Memories & Milestones |

Memories & Milestones

Post IndependentGlenwood Springs, CO Colorado

The PRO TKD Martial Arts Center annual Kick A Thon was successful on many levels. The 3-year-old record of 1,830 kicks held by 17-year-old black belt Nicole Cerdenola was broken by 52-year-old black belt Todd Burkholder with 1,855 kicks in 15 minutes. This will be submitted to the Guinness World Records.Winners in the under-12 division for most kicks were blue belt Jackson Kruse with 1,730 kicks, and most pledges and money was black belt Lisa Kelly. Winner in the over-13 division for most money and pledges was red belt Deb Burkholder.One of the consistent successes year after year comes from the achievement of goal setting. In the beginning of January, all students were asked to set a goal for how many kicks they could do in 15 minutes of continuous kicking. Then, systematically they train for eight weeks till the Kick A Thon date – Feb. 23. Training includes physical, mental and nutritional preparation. This year, 22 people of all ages made the 1,500 club, kicking more than 1,500 times in 15 minutes. The last phase of the Kick A Thon was held on March 22. In January, students were also asked to set goals on how many pledges they would get, a typical pledge being a penny per kick. The other two categories are most pledges and most money raised. All three of these categories are also divided into age groups. After the Kick A Thon, all the participants go back to the people that pledged them. At this time, they are able to say to every one of their pledges how many kicks they did. This is a very powerful exercise and reinforces the benefits of hard work and goal setting. The Kick A Thon was invented and started in 1988 by Master Dae Sung Lee and Master Doug Fuechsel as a fundraiser for the Olympic Training Center Taekwondo Team to get to the national championships. The success of the event has been fine-tuned in the Roaring Fork Valley for the past 18 years and has had great success in the rewards of setting goals, working hard and receiving the benefits of those efforts and as a fundraiser for local talent to become national champions. This year’s focus is on the U.S. Open Hanmadang, held July 13-14 at the Olympic Training Center in Colorado Springs. This competition covers everything but sparring. Forms, weapons and breaking are performed on this world stage and give local Roaring Fork martial artists an opportunity to test their skills against the rest of the world.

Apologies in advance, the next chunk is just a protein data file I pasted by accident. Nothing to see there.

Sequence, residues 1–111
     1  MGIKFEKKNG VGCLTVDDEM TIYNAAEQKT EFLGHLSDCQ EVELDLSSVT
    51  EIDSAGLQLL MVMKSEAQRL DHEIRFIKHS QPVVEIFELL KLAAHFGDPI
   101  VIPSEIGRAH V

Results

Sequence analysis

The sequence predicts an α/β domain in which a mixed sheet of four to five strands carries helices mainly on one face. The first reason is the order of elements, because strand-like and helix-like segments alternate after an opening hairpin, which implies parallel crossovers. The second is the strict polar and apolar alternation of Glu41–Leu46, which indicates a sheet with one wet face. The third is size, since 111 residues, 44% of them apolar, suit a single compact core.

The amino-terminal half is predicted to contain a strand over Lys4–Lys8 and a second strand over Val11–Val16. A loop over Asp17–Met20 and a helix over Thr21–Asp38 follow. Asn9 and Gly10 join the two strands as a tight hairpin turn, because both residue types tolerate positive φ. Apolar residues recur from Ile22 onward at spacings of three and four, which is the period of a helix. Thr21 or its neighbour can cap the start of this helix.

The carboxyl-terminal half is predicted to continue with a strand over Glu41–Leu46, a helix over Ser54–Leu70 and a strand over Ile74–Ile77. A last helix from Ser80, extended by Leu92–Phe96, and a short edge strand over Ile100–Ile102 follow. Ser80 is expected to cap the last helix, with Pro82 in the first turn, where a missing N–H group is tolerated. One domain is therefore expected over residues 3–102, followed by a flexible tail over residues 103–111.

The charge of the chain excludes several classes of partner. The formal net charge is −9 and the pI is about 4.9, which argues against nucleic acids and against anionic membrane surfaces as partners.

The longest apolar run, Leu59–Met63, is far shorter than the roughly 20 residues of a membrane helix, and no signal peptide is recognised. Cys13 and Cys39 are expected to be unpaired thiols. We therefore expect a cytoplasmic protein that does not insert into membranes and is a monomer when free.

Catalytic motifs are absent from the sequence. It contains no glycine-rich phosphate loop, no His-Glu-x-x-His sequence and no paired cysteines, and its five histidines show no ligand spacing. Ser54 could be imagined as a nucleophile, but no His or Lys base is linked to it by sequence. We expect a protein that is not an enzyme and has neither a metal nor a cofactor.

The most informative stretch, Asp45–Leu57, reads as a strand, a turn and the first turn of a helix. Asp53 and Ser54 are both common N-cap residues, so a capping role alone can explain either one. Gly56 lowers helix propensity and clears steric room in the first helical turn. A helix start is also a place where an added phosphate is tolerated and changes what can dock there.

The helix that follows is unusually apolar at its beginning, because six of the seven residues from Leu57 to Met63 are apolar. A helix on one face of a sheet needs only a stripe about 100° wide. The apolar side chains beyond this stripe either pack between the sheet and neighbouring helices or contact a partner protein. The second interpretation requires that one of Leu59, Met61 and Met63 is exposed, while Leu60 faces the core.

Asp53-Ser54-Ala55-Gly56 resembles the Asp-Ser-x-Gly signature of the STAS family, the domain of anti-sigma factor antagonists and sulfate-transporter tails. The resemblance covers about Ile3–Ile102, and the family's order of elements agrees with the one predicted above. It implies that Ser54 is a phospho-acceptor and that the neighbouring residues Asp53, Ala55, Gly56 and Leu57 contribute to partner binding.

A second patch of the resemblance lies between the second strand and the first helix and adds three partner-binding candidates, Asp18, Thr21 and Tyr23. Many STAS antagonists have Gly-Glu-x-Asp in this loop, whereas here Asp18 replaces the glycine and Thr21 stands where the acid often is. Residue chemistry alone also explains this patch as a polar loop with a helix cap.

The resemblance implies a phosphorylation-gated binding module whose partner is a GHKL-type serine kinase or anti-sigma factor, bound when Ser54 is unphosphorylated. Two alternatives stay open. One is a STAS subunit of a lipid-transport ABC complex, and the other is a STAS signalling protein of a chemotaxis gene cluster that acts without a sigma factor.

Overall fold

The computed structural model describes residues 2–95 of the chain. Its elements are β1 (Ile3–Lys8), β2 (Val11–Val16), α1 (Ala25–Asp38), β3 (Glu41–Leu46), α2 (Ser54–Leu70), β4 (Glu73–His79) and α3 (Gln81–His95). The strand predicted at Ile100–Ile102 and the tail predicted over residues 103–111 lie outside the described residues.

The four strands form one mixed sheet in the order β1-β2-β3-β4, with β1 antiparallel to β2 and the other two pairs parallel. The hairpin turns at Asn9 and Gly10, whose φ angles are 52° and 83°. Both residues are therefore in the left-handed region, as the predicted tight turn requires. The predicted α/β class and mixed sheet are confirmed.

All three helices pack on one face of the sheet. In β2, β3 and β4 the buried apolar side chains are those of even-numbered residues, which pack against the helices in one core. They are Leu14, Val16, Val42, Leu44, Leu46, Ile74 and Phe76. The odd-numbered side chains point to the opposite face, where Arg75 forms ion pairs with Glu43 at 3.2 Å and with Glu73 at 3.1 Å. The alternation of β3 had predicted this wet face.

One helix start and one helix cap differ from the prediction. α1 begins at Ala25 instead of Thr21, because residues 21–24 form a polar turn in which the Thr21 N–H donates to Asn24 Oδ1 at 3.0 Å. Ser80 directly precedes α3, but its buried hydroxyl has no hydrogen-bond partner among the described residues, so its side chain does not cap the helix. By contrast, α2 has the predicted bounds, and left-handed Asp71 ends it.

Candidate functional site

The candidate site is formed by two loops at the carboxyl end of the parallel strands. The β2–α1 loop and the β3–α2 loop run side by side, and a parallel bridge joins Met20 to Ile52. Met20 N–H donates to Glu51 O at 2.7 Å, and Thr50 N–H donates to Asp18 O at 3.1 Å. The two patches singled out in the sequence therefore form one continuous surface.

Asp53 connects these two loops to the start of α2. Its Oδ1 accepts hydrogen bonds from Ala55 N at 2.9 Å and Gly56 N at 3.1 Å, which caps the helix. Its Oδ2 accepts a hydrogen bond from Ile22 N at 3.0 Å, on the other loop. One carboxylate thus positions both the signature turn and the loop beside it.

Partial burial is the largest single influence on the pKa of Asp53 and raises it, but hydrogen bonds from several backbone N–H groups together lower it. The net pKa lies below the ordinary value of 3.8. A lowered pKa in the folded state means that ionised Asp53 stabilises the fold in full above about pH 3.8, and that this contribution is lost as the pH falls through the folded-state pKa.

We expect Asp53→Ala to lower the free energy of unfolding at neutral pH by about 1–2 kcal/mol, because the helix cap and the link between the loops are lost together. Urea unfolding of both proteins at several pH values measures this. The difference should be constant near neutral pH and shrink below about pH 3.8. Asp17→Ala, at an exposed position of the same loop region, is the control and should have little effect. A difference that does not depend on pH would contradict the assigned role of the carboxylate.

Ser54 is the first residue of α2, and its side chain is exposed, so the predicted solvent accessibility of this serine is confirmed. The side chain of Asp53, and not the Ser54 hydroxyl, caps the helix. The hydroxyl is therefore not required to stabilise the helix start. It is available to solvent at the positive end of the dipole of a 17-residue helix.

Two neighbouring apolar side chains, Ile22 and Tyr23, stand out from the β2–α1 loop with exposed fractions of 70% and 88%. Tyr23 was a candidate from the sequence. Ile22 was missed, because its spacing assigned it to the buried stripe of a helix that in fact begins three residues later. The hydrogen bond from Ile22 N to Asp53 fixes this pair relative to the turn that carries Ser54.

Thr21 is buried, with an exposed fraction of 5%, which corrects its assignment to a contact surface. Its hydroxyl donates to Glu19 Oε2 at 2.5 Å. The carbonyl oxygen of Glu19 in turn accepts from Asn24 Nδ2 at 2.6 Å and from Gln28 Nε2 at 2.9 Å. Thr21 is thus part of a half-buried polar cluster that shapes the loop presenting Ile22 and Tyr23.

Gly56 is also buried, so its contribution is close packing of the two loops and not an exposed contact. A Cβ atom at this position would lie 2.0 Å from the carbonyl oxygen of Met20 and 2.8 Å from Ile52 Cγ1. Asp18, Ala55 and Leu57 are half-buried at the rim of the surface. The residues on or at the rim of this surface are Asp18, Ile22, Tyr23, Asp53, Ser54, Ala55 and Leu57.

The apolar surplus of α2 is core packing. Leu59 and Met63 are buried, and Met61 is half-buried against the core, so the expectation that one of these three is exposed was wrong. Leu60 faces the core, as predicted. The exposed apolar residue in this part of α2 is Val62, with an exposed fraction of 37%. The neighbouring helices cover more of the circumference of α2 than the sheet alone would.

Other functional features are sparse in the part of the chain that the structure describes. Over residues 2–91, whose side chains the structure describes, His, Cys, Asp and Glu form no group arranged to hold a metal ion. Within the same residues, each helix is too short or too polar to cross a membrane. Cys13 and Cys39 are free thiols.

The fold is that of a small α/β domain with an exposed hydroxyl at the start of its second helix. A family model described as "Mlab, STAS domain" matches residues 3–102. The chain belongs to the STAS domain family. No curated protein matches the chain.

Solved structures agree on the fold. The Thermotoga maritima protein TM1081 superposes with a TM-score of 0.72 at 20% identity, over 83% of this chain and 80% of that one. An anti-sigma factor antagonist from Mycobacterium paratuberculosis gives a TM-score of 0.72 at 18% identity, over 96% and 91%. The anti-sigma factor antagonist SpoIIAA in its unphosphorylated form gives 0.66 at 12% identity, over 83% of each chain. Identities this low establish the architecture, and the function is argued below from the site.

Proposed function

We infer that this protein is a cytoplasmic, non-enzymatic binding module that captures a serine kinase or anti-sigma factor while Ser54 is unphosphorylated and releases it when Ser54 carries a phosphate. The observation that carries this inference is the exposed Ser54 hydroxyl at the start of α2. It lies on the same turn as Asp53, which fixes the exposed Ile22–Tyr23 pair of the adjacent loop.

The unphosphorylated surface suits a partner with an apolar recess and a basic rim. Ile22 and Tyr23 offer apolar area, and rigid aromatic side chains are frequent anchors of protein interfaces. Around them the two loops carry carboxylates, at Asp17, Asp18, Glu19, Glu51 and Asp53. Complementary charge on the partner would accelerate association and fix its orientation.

100 Club picks up trash Members of the local 100 Club – from left: John Burg, Gerry Hittinger, Tim Moore, Cindy Ryman, Ray Limoges, Soraya Burg, Tom Neel, Pat Cima, Jon Lindenberg, Rosemarie Troka, Parvin Erlandsen, Roy Davidson, Sylvia Wendrow, Karen Price, Sue Ludtke, Gerry Roehm, Jack Petersen, Michael Larime, Gerry Vanderbeek and Mehrdad Jahani – pose for a picture after picking up trash along Highway 82, a biannual event since 1997. The over-50 adventure club is celebrating its 22nd anniversary this year with 300-plus members. Missing from the picture are Ellen Conry, Hal Sundin, Bill Wallace, John Brooks and Steve Kuhn.

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